Yours Truly, Bernice or Dagmar

Vintage photo, white border, deckled edge. Belle Isle, Detroit, Michigan. Circa 1950s.

Price:  $6.00            Size:  About 2 and 1/2 x 3 and 1/2″

Another found on the recent Detroit trip. Beautiful Bernice, posing at the Scott Fountain on Belle Isle. The cat-eye sunglasses trend was popular in the 1950’s. Her shoes now, hmmmm, two-tone, but not really a saddle shoe – this exact style wasn’t found online. As to the inscription on the back,   ‘Your truly’ Bernice or Dagmar”  that’s one of the most interesting aspects of this photo.

A character name from a play?

And at first, I thought it was “Dogmar” and was searching for Dogmar as a possible surname or given name, and not coming up with much…..Then, and this happens to me quite a bit, for which I am truly grateful:  A day or two later I came across the movie I Remember Mama (1948) playing on the classic movie channel, with Irene Dunn as the Norwegian-born mother of four, set in San Francisco at the turn of the 20th century, with the youngest daughter named Dagmar (wait, what?). If you’ve never seen the movie, check it out (so beautiful!) The film is based on the story, Mama’s Bank Account (1943) by Kathryn Forbes, which inspired a play (1944) then the movie, then t.v. series Mama (1949 – 1957) and later two musical versions in the ’70s. The movie’s story is told from the standpoint of the oldest daughter, Katrin, an aspiring writer, played by Barbara Bel Geddes (Dallas fans, you will remember her as Jock’s wife, Miss Ellie.) So, did Bernice in our photo above play Dagmar in a school play production? It’s our best guess, other than the fact that Dagmar could be a middle name for her or vice versa (Dagmar Bernice).

Source:  Kathryn Forbes. n.d. https://en.wikipedia.org/wiki/Kathryn_Forbes (accessed July 9, 2017).

The Little Indian

Vintage photo, circa 1940s – early 1950s

Price:  $3.00       Size:  About 3 x 4 and 1/2″

Another found in Dearborn, Michigan on my recent trip, from a box of loose photos. I’ll look for anything related to this one when I go back next year. The reverse appears to be written in Czech, and probably by the grandmother of the beaming little boy “playing Indian” on the front lawn. Ewaline would be the name of the boy’s mom. And maybe someone will recognize this particular toy set of Indian headdress and drum. (Those look like hawk feathers and it says “Indian Chief” across the headband.)

“Ten mály Indian jest moj ‘sweetheart’ Ewalinies synek.” 

“The little Indian is my sweetheart, Ewalinie’s son.”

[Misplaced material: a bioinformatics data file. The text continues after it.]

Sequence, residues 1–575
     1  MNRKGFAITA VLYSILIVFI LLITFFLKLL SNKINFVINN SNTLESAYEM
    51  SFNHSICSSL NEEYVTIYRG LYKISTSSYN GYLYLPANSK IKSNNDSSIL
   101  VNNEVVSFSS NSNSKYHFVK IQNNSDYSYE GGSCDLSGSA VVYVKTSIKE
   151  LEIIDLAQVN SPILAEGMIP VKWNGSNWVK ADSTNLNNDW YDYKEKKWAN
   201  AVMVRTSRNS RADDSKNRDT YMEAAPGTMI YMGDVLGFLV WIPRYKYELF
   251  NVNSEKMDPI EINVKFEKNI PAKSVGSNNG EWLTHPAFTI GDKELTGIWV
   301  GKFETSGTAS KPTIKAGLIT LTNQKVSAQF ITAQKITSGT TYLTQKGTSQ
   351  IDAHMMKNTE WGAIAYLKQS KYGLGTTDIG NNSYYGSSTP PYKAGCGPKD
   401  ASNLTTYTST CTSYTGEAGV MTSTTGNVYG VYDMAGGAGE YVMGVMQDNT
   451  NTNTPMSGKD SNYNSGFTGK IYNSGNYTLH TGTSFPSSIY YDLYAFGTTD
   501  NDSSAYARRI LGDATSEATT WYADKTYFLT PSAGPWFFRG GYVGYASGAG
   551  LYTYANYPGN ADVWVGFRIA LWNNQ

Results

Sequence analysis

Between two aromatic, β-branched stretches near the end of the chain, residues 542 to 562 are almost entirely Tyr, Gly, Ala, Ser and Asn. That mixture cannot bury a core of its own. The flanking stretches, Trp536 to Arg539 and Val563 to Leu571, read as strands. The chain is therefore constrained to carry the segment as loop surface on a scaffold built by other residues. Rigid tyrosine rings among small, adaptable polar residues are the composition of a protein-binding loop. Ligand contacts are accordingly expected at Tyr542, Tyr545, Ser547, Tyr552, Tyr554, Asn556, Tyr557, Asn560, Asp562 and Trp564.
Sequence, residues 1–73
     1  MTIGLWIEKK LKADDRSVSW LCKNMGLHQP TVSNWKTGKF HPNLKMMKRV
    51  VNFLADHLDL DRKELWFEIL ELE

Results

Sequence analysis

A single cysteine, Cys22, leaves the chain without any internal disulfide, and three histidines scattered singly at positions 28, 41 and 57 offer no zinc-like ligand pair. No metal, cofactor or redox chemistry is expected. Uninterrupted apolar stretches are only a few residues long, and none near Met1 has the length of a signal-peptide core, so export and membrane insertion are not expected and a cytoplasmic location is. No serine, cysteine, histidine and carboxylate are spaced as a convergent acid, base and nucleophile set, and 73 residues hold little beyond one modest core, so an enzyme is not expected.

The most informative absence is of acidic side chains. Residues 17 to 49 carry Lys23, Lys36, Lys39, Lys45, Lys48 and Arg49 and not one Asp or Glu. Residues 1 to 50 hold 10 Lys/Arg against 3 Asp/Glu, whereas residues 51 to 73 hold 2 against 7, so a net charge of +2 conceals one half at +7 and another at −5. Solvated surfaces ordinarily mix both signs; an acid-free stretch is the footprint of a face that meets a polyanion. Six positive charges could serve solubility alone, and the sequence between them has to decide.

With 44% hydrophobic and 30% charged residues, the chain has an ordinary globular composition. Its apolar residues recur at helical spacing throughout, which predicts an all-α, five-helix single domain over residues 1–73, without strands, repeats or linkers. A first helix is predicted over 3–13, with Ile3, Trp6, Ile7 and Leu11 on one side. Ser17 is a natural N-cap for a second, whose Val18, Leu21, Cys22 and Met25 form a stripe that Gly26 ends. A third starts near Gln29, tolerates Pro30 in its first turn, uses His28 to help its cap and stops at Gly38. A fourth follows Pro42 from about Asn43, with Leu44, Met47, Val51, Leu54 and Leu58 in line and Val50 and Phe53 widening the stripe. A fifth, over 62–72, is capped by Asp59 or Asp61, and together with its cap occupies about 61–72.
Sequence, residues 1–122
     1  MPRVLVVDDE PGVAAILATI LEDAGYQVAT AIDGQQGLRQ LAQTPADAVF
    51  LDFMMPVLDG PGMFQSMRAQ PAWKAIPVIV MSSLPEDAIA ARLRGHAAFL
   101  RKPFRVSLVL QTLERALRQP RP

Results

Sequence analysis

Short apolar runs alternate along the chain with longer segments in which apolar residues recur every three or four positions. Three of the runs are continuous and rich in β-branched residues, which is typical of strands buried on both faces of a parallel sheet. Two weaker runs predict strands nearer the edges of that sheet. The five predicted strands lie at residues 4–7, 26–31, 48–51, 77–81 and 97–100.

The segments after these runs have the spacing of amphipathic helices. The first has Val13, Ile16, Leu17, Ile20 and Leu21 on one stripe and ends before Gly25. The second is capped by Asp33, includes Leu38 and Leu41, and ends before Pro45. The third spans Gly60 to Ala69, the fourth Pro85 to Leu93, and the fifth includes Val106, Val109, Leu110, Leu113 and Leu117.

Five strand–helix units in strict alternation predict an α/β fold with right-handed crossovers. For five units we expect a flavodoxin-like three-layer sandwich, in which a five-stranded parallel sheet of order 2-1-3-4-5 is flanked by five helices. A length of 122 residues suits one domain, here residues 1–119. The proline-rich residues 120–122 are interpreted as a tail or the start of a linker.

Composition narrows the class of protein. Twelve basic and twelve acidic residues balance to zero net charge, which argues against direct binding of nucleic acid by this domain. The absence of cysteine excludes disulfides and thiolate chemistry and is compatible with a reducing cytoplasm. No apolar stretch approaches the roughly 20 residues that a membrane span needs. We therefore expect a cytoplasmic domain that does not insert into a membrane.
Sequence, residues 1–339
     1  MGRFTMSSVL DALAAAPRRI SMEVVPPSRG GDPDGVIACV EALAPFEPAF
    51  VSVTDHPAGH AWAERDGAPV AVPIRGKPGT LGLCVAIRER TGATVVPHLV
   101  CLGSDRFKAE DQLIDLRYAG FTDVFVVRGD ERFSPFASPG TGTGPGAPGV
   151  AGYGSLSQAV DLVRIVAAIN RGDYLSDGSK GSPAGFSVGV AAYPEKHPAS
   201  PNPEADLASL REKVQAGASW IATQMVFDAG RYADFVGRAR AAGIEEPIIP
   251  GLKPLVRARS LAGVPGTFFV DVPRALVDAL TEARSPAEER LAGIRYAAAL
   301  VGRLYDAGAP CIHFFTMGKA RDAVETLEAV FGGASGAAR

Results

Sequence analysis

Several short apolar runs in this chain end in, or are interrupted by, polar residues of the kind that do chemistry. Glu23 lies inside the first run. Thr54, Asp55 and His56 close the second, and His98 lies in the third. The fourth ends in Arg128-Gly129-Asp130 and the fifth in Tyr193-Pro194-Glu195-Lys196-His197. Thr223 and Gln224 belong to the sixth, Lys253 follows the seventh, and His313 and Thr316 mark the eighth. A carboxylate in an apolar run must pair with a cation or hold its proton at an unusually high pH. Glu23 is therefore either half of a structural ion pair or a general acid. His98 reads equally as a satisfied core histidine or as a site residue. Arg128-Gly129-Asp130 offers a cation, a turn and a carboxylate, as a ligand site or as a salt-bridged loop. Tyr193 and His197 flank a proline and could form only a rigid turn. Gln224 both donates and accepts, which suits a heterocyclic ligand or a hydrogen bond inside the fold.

French Waterman, Goulais Lake, Algoma Co., Ontario

Vintage photos, circa 1940s – 1952, deckled edge border.

Price for the set of two:  $15.00

“French and guide at launch place”  or possibly “at lunch place.” That is probably French Waterman on our left and either his unidentified fishing guide, center (or, if some humor was employed in the description, French’s dad, Warren…just a possibility, no assumptions.) On the canoe bow, we see what may be the manufacturer logo of a circle and one wing. Maybe someone familiar with vintage canoes will recognize it. (Click on the image to enlarge.)

 

French is John French Waterman, born about 1904 in Tennessee, younger son of Warren Gookin Waterman, Sr., born in Southport, Connecticut 1872 and died in Frankfort, Michigan 1952 and Anna (Hannah Meuller) Waterman. Warren, Sr. may have taken the shots (we hope, or was in the top one, even better, but either way, these photos seem to be a remembrance from a nice father-son trip!) and written on the back, along with stamping his address at that time:

“W. G. Waterman, Riverbend Farm, Frankfort, Michigan”

French Waterman at Goulais Lake Camps, Algoma County, Ontario. There’s French, we believe, on our far right, blending in a little with the background. In the center, nestled in the pines, one of the sixteen guest cabins. Here is Goulais Lake from a Google map search.

Sources:  Year: 1920; Census Place: Evanston Ward 7, Cook, Illinois; Roll: T625_358; Page: 10A; Enumeration District: 87; Image: 533. (Ancestry.com)

Original data: Michigan, Marriage Records, 1867–1952. Michigan Department of Community Health, Division for Vital Records and Health Statistics. (Ancestry.com)

Year: 1940; Census Place: Crystal Lake, Benzie, Michigan; Roll: T627_1730; Page: 2B; Enumeration District: 10-9. (Ancestry.com)

Goulais Lake, Algoma, Unorganized, North Part, ON, Canada. Google.com map search. Accessed July 2, 2017.

Find A Grave memorial# 36874914. Findagrave.com. Accessed July 2, 2017.